In January this year, when a British judge refused to allow Julian Assange’s extradition to the US, to face espionage charges — and a potential 175-year sentence — for the work of WikiLeaks in helping to expose US war crimes in Afghanistan and Iraq, and the groundless basis of most of the US’s supposed reasons for holding men indefinitely without charge or trial at Guantánamo, the US government should have backed down and allowed him to be freed to be reunited with his family.
Judge Vanessa Baraitser’s ruling, sadly, avoided the heart of the case — whether publishing damaging material in the public interest is a crime (which it isn’t, and mustn’t be allowed to be, if freedom of the press is to mean anything) — but homed in unerringly on the considered opinion of a psychiatrist that, if transferred to a maximum-security prison in the US, awaiting trial, Assange, because of his mental health issues, would take his own life.
The ruling was a valid condemnation both of the brutality of the US prison system in general, and of its particular unsuitability for those with mental health issues, and it was a vivid reminder that, back in October 2012, Theresa May, when she was home secretary, had refused to allow the extradition to the US of Gary McKinnon, a hacker with Asperger’s syndrome, a form of autism, on the very same basis, and that the extradition of Lauri Love, another hacker with Asperger’s, had been refused by two High Court judges in February 2018.
Over the years, the fact that Assange also exhibited signs of Asperger’s had largely been ignored as a picture was created instead of some sort of uniquely arrogant individual, even though, when I met him in April 2011, to work as a media partner on WikiLeaks’ release of classified military files from Guantánamo, it had appeared obvious to me that he had Asperger’s.
It was some relief, therefore, when, during his extradition hearing last October (at which I submitted evidence about the importance of the release of those files), Dr. Quinton Deeley, a consultant neuropsychiatrist, “diagnosed Assange with Asperger’s syndrome after witnessing a two-hour autism assessment and conducting six hours of phone calls with [him] in Belmarsh prison”, as the Press Gazette explained at the time.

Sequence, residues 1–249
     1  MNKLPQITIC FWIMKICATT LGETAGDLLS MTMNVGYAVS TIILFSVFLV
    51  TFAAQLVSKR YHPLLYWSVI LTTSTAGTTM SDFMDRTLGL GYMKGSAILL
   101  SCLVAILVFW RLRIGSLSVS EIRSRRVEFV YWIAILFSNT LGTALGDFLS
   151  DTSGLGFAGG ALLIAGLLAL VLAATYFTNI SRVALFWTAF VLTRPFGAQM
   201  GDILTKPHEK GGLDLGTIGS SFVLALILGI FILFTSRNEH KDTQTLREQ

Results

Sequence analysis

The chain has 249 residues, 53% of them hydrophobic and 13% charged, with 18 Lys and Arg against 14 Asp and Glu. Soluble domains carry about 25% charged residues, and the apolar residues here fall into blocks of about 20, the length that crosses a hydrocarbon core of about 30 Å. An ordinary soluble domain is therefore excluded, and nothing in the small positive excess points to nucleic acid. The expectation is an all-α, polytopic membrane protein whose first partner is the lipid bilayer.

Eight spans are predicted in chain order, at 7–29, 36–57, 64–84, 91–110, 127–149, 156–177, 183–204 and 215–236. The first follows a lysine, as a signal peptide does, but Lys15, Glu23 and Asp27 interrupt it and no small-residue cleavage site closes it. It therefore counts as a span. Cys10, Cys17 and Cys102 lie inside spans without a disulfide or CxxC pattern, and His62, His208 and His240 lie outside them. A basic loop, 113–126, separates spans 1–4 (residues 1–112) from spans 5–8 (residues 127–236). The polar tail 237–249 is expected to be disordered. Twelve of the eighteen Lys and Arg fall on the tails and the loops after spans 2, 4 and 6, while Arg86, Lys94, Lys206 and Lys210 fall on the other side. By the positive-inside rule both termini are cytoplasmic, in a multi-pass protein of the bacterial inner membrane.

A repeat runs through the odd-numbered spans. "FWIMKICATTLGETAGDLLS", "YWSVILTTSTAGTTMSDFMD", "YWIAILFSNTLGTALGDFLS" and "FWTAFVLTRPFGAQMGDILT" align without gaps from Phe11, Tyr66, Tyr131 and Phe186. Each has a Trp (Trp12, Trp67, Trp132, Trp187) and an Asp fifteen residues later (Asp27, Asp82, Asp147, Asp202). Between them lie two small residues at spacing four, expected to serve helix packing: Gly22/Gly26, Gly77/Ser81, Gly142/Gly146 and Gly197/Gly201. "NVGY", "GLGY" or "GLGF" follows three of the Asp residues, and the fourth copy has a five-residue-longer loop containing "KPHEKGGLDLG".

Giving evidence, Dr. Deeley said, “To my mind, it’s clear Mr. Assange presents as a person with an autistic spectrum condition.” As the Press Gazette noted, “He described Assange as ‘an intelligent person’ who shares the characteristics of ‘many high-functioning people on the autistic spectrum’, including engineers and computer scientists.” He also said that “he has ‘difficulty discussing his own emotions’, with a ‘primary focus on his own thoughts and interests’ and noted a ‘failure to initiate or sustain’ conversations.”
Instead of accepting Judge Baraitser’s ruling, however, as one administration — that of Donald Trump — seamlessly gave way to another, that of Joe Biden, the extradition request remained firmly in place, and the US government set about working out how to appeal Judge Baraitser’s ruling.
The approach taken resembles that of an abuser who has been caught out and responds by pledging to change their ways, even though such promises are profoundly untrustworthy. The US authorities have promised that, if extradited, Assange will “not be held before trial in a top security ‘Supermax’ prison or subjected to strict isolation conditions”, as the Guardian described it, and have also promised that, “if convicted [he] would be allowed to serve his sentence in Australia.”
James Lewis, the barrister representing the US government, told the High Court that the assurances “are binding on the United States”, even though that is untrue, as no mechanism exists whereby any government, court or any other organization outside the US can challenge the US government if they fail to honour their assurances. In addition, the US government has also carefully reserved the right to alter these assurances if Assange “commit[s] a further offence”, as the BBC described it, with no sign of what “a further offence” might mean.